<img height="1" width="1" style="display:none" src="https://www.facebook.com/tr?id=1238430469538210&amp;ev=PageView&amp;noscript=1">

The Everglades in Central Florida? Are you sure?


Many associate the Everglades with South Florida, where the slow-moving “river of grass” flows into the ocean.

But Central Florida is also a vital part of the Everglades, which spans far beyond the 1.5 million-acre national park near Miami. It’s actually a vast ecosystem encompassing millions of acres of undeveloped land between Central Florida and South Florida, including Lake Okeechobee and the Kissimmee River Valley.

It’s the largest subtropical wilderness in the U.S. and tourists from around the country and around the world are drawn to this natural wonder and its diverse plant and animal life every year.

Here in the middle of the state, we’re at the mouth of the Everglades. Activist and writer Marjory Stoneman Douglas dubbed it the “river of grass” in her 1947 book. And it’s easy to see why that applies in South Florida. There, the table-flat terrain goes on for miles in a southward flow of green as far as the eye can see.

But here, 250 miles north, our chains of freshwater lakes, rivers, and dense swamps add a rich dimension to the northern half of the Everglades, We’ve got thick oak canopies dripping with Spanish moss and gators galore living in the tawny waters.

orlando_airboat_ridesThe slightly cooler climate in Central Florida gives way to a more diverse ecosystem vs. the southern end. We’ve got more of the smaller mammals such as raccoons, coyotes, and deer here in the north. The slight change of season can be seen in the changing colors of the cypress trees, which shed their leaves in the fall.

Here in Central Florida, you can get a seasonal Everglades experience, whereas in South Florida, the environment changes only slighty between wet and dry seasons.

When Florida was first being settled by the pioneers at the turn of the 20th Century, many considered the Everglades problematic, a big swamp that needed draining. That sentiment continued into the state’s post-WWII development boom until a movement to protect and celebrate this fragile ecosystem – instead of eliminate it – took root.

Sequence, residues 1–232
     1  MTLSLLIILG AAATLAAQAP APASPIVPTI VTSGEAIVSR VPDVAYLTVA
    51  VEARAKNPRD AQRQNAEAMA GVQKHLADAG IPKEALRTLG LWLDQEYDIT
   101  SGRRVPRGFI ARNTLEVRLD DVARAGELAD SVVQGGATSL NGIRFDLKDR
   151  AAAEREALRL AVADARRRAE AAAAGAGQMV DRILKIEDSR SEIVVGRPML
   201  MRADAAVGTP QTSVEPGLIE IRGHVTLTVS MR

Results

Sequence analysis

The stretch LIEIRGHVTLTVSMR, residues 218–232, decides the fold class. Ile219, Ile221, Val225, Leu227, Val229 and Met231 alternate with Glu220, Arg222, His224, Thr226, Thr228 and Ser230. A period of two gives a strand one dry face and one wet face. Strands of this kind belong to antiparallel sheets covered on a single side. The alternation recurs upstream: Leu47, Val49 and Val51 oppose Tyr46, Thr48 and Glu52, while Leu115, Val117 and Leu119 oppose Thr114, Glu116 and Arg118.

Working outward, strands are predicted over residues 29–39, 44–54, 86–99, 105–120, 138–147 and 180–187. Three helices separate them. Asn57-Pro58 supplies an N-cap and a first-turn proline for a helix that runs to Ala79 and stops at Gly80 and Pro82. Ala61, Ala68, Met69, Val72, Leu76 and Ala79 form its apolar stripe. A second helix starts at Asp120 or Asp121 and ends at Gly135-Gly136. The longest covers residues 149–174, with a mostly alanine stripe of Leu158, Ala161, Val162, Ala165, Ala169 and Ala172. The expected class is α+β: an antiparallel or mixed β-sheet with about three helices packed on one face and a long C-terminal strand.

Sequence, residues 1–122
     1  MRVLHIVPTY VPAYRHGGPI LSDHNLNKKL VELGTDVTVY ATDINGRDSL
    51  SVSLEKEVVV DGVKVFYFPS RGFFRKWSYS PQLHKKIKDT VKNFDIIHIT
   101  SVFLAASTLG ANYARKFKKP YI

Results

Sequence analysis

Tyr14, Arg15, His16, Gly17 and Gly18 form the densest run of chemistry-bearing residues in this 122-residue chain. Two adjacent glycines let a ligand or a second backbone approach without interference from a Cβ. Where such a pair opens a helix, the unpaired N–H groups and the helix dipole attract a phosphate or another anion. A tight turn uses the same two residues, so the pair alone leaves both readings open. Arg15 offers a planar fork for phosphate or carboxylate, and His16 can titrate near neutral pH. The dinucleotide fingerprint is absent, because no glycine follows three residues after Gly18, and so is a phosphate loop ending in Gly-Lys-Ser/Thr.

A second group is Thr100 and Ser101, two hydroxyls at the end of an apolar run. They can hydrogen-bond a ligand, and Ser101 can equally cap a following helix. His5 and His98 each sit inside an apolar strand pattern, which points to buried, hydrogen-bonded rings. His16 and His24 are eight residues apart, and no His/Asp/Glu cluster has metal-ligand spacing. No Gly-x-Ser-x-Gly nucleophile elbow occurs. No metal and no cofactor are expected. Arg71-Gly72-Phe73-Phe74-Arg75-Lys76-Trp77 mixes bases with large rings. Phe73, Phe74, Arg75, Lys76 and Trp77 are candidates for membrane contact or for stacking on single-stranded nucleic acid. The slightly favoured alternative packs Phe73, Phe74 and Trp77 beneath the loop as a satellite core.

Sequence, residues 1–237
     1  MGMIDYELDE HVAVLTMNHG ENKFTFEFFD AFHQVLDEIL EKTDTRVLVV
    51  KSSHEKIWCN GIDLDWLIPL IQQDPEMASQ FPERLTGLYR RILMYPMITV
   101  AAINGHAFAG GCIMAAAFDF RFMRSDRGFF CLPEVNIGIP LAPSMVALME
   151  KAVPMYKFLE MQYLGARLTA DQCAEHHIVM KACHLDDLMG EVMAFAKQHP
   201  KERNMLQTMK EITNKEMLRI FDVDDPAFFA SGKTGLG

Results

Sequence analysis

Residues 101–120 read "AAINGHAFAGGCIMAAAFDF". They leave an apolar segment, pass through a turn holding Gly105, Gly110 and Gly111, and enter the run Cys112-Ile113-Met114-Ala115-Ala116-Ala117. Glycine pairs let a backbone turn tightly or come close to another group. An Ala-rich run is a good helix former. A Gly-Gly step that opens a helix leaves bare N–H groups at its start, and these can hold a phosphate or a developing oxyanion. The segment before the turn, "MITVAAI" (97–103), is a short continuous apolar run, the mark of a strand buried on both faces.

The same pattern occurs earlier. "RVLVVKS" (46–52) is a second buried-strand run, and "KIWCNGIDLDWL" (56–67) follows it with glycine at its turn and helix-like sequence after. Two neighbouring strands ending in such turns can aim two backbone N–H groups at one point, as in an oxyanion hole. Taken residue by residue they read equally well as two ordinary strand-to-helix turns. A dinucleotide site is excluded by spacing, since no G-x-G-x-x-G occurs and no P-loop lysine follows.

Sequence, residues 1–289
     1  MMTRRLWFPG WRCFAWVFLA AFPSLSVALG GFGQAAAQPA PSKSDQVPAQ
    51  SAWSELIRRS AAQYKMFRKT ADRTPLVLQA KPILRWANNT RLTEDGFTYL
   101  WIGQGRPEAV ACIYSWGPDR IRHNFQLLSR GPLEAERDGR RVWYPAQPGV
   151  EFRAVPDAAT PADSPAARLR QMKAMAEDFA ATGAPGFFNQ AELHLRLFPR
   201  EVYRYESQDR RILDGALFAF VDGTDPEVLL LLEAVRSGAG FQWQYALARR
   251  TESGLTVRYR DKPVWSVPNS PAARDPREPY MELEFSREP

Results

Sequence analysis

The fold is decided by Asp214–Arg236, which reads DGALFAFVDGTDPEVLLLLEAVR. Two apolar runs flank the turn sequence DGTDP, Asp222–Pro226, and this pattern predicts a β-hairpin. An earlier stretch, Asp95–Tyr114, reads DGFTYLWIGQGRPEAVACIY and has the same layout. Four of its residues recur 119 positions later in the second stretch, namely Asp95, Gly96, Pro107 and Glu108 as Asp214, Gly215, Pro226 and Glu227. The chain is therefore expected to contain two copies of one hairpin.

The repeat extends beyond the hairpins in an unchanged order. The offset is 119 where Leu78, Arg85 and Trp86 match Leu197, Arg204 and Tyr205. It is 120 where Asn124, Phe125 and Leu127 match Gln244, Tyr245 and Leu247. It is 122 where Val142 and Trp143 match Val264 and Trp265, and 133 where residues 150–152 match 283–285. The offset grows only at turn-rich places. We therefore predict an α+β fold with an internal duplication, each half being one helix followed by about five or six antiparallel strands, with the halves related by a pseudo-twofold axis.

A 1960s-era project by the U.S. Army Corps of Engineers dramatically changed the flow of the Everglades by redirecting water from Central Florida to South Florida through a system of canals. It was designed to protect people living on the floodplain, but it almost wiped out the ecosystem. The state and federal governments have spent hundreds of millions to repair the damage over the past few decades, and the work continues.

South Florida has received a majority of the attention over years, but that’s changing. Some of the re-curving of the Kissimmee River couldn’t occur here in Central Florida because of the booming residential development.

But new efforts to restore and protect the Northern Everglades are now underway. We’re doing our best at Wild Florida to educate visitors about this fragile system while showing them why it’s worth protecting.

So whether you’re zipping across Lake Cypress on one of our airboat tours or strolling through Hawk Swamp in our Wildlife Park, you’ll be surrounded by the Everglades. Its history is full of mystery and adventure! Come discover your own Everglades story with us.

Wild Florida monthly newsletter